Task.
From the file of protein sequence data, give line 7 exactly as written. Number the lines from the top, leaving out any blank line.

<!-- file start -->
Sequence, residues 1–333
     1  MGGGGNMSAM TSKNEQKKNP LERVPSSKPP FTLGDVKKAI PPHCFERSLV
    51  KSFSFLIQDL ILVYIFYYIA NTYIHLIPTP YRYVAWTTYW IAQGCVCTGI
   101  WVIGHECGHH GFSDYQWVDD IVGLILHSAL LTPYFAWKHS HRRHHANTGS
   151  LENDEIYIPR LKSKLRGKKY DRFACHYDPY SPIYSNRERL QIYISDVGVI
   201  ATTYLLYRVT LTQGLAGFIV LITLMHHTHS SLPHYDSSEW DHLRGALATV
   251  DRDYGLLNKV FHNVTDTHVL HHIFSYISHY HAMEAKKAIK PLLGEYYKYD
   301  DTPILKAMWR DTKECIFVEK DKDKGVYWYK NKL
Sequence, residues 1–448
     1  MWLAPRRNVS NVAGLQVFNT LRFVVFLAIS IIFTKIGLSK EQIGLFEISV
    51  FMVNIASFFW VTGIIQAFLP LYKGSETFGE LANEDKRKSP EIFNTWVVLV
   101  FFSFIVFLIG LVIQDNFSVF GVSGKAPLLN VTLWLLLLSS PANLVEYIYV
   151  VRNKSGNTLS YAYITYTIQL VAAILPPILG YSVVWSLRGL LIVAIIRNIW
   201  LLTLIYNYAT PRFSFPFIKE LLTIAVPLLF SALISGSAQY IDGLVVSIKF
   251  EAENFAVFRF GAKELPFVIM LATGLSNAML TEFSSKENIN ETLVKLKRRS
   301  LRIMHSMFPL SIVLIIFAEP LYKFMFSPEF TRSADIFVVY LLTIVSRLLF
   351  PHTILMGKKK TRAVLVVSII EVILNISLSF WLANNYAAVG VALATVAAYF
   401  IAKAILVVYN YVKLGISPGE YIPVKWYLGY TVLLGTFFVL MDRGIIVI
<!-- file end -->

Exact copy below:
   251  DRDYGLLNKV FHNVTDTHVL HHIFSYISHY HAMEAKKAIK PLLGEYYKYD